Compare any two graphics cards:
GeForce GTX 560 Ti vs Radeon HD 7770
IntroThe GeForce GTX 560 Ti features a core clock speed of 822 MHz and a GDDR5 memory frequency of 1002 MHz. It also features a 256-bit bus, and makes use of a 40 nm design. It is made up of 384 SPUs, 64 TAUs, and 32 Raster Operation Units.
Compare all of that to the Radeon HD 7770, which uses a 28 nm design. ATi has clocked the core speed at 1000 MHz. The GDDR5 memory works at a speed of 1125 MHz on this particular model. It features 640 SPUs as well as 40 Texture Address Units and 16 Rasterization Operator Units.
(No game benchmarks for this combination yet.)
Power Usage and Theoretical Benchmarks
Power Consumption (Max TDP)
In theory, the GeForce GTX 560 Ti is 78% quicker than the Radeon HD 7770 overall, because of its greater bandwidth. (explain)
Texel RateThe GeForce GTX 560 Ti should be quite a bit (approximately 32%) faster with regards to texture filtering than the Radeon HD 7770. (explain)
Pixel RateIf running with a high screen resolution is important to you, then the GeForce GTX 560 Ti is a better choice, by far. (explain)
Please note that the above 'benchmarks' are all just theoretical - the results were calculated based on the card's specifications, and real-world performance may (and probably will) vary at least a bit.
Price ComparisonPlease note that the price comparisons are based on search keywords, and might not be the exact same card listed on this page. We have no control over the accuracy of their search results.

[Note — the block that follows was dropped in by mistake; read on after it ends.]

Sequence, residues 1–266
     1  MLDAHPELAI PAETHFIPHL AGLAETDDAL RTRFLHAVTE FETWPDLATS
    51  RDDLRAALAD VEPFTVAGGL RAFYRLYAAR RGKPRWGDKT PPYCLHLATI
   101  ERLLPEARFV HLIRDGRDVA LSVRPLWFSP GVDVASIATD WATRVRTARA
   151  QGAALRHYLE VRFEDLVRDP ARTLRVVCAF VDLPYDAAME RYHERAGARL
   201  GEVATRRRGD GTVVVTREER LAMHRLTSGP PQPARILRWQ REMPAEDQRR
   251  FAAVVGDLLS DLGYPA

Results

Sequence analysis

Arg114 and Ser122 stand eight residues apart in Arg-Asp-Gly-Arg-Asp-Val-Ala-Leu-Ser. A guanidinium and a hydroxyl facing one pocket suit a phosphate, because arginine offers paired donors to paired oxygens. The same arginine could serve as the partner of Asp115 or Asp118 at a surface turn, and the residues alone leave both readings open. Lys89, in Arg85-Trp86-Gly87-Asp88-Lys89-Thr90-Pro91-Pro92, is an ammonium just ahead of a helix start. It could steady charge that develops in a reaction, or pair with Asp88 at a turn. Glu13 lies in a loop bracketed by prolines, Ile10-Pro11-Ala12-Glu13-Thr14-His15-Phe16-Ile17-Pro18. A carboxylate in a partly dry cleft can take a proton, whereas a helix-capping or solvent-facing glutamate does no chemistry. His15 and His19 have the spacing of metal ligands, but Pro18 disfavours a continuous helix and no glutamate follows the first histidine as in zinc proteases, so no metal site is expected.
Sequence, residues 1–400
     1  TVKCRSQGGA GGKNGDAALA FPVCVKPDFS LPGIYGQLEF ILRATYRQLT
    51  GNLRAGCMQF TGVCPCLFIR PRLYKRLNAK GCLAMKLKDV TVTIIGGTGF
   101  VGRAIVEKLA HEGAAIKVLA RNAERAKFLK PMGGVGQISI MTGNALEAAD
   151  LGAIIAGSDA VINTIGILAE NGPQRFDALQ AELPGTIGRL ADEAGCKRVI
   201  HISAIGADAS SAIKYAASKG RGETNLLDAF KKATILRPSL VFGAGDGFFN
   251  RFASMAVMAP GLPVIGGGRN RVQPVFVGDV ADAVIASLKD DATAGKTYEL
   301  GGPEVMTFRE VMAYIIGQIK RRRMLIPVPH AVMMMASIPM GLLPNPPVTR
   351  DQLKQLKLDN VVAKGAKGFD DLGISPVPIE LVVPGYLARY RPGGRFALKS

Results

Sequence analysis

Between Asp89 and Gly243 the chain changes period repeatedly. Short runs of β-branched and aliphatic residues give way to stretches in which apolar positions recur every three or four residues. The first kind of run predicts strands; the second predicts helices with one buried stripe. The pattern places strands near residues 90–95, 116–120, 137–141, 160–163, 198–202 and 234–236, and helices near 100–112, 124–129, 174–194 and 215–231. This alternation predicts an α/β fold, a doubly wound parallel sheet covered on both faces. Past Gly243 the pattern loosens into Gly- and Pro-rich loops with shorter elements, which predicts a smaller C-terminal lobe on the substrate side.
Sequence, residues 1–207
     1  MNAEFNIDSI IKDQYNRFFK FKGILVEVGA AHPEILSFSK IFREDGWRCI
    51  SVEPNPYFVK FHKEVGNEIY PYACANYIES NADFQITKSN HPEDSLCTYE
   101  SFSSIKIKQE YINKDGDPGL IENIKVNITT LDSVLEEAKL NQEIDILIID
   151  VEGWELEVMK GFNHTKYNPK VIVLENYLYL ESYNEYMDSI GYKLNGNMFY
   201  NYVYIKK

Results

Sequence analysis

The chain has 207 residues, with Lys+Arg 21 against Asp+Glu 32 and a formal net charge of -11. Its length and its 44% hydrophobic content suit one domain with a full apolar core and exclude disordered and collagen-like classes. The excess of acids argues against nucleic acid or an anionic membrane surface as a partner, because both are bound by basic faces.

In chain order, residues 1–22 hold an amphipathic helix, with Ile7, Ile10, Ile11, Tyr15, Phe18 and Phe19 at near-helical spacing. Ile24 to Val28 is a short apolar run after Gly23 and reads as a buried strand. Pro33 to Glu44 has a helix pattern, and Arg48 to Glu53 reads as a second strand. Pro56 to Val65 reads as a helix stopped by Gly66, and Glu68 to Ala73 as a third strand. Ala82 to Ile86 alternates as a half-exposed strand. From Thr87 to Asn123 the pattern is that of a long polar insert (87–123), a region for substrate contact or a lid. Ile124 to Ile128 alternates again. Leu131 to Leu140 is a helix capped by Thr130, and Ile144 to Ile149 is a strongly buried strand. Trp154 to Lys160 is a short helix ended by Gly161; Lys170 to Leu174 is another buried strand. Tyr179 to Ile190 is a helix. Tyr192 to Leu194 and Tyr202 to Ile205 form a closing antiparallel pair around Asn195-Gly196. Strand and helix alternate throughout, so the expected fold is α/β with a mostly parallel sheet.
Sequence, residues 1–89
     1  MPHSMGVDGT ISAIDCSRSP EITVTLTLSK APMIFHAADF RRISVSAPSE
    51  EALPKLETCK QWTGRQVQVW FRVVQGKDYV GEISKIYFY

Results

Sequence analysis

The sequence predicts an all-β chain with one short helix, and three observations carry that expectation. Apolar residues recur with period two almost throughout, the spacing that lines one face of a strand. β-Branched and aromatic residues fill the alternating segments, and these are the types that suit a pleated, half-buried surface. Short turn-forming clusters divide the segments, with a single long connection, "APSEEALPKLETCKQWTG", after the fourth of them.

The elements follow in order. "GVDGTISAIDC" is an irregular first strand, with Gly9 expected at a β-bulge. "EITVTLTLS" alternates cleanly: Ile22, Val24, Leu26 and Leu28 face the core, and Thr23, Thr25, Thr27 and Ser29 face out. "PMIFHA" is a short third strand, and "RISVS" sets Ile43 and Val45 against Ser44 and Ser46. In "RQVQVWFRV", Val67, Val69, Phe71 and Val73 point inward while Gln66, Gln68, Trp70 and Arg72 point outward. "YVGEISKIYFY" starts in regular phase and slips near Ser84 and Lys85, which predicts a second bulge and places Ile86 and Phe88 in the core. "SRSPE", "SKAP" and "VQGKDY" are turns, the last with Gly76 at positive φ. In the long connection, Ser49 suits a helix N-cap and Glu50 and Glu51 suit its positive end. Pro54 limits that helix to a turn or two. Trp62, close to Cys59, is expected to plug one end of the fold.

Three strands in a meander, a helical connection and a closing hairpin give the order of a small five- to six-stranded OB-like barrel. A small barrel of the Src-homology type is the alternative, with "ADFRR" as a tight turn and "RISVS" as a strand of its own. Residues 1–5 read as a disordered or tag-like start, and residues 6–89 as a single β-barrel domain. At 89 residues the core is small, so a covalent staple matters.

Memory Bandwidth: Bandwidth is the max amount of data (measured in MB per second) that can be transferred over the external memory interface in a second. The number is calculated by multiplying the bus width by its memory clock speed. If it uses DDR RAM, the result should be multiplied by 2 again. If it uses DDR5, multiply by ANOTHER 2x. The higher the memory bandwidth, the faster the card will be in general. It especially helps with AA, High Dynamic Range and higher screen resolutions.
Texel Rate: Texel rate is the maximum texture map elements (texels) that are processed in one second. This is worked out by multiplying the total number of texture units of the card by the core speed of the chip. The higher this number, the better the graphics card will be at texture filtering (anisotropic filtering - AF). It is measured in millions of texels applied in a second.
Pixel Rate: Pixel rate is the maximum amount of pixels that the graphics chip can possibly write to its local memory in a second - measured in millions of pixels per second. Pixel rate is worked out by multiplying the amount of ROPs by the clock speed of the card. ROPs (Raster Operations Pipelines - also sometimes called Render Output Units) are responsible for filling the screen with pixels (the image). The actual pixel output rate also depends on quite a few other factors, most notably the memory bandwidth - the lower the memory bandwidth is, the lower the ability to get to the max fill rate.